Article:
Baseline asks:

‘Will the ECB buy a great deal of Greek debt? We doubt it since this constitutes a clear, large credit risk’

Commentator George sees it this way:

‘Most of the 750 billion will go to retiring upcoming maturing bonds, many of which are due to private banks. So, in postponing the day of reckoning, the debt and the attendant default risk will be “seamlessly” rolled over into taxpayers’ hands. The seniority of the new debt to the existing debt is therefore a smokescreen for the fact that politicians have once again bailed out private banks at the expense of taxpayers’

There is a multilevel game going on. The markets provided Irish banks with wholesale funds ad lib on the understanding that the nation state would pick up the tab when the property crash came. That bet was correctly seen as one way because the banks were ‘systemic ‘ at our national level.

The same markets also lent merrily to mismanaged sovereigns on the understanding that they could pass the losses on to the ECB when the fiscal chickens cam home to roost. Another correctly calculated one way bet, on this weekend’s evidence.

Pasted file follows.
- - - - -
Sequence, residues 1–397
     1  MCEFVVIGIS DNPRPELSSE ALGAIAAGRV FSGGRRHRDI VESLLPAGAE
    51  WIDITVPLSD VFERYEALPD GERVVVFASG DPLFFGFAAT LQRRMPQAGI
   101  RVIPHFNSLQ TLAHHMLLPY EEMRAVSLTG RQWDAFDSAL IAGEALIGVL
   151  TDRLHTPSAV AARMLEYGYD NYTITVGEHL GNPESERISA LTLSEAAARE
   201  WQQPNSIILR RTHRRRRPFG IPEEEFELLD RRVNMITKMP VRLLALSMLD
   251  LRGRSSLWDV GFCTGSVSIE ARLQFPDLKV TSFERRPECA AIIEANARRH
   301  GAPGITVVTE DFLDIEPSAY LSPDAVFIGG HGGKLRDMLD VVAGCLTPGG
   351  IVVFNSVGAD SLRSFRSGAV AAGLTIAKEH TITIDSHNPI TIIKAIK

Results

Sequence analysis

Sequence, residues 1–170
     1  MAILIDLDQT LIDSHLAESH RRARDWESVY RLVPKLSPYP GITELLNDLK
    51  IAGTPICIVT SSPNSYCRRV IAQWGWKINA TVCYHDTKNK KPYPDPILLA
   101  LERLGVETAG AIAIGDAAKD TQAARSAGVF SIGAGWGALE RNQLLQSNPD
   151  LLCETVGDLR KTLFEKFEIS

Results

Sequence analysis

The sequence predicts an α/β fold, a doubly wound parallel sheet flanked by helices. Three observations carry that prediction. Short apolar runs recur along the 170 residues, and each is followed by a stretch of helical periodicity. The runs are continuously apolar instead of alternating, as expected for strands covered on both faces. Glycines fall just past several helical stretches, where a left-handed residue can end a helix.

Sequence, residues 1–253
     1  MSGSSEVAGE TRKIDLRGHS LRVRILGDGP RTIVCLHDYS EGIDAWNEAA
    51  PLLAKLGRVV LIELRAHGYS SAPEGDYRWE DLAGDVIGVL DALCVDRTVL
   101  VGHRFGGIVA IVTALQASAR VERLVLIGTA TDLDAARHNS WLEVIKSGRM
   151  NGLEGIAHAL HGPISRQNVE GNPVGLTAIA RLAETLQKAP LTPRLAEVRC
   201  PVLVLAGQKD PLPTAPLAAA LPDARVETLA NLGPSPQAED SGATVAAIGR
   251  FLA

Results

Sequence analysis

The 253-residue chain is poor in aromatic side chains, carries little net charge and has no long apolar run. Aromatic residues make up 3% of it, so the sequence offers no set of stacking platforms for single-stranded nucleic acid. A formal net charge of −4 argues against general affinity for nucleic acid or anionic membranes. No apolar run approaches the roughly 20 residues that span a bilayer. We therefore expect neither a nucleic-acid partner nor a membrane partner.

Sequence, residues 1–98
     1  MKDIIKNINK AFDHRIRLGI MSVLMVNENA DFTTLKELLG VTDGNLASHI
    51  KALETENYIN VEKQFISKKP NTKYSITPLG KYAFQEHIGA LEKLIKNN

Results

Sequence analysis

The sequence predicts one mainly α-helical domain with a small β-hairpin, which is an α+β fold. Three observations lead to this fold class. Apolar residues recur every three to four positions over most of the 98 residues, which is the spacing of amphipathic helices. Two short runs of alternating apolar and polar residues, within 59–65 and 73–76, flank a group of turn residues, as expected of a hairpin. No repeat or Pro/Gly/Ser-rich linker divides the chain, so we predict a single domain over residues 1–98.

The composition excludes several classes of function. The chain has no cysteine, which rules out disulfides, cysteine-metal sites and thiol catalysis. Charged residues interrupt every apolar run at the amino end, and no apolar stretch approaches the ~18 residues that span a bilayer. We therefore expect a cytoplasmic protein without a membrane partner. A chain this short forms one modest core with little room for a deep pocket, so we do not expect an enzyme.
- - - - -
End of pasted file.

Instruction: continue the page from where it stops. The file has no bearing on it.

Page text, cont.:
Peripheral European sovereign funding does seem to have a major systemic effect on credit markets. Whocudanode that such a thing can happen within Europe ?.

The fire is spreading from the big Euro banks to the ECB. As @ Robert Browne pointed out on another thread, the Germans are going to be looking hard for the exits. All the old ones are blocked off, so they’ll be needing a bit of help with that.

From the Q and A to last Thursdays press conference

(accessible at:

Q: The first one is: is the purchase of government bonds an option to fight the consequences of Greece’s fiscal crisis on financial markets? Did you discuss this option today?

A: … On your first question, we did not discuss this option.

Q: You said you did not discuss the option of buying government bonds. Can you consider discussing it in the absence of deflationary dangers in the euro area?

A: On the sovereign bonds, I have already said that we did not discuss the point.

This was three days before the announcement. Seems to me that the bank’s credibility has to be shot.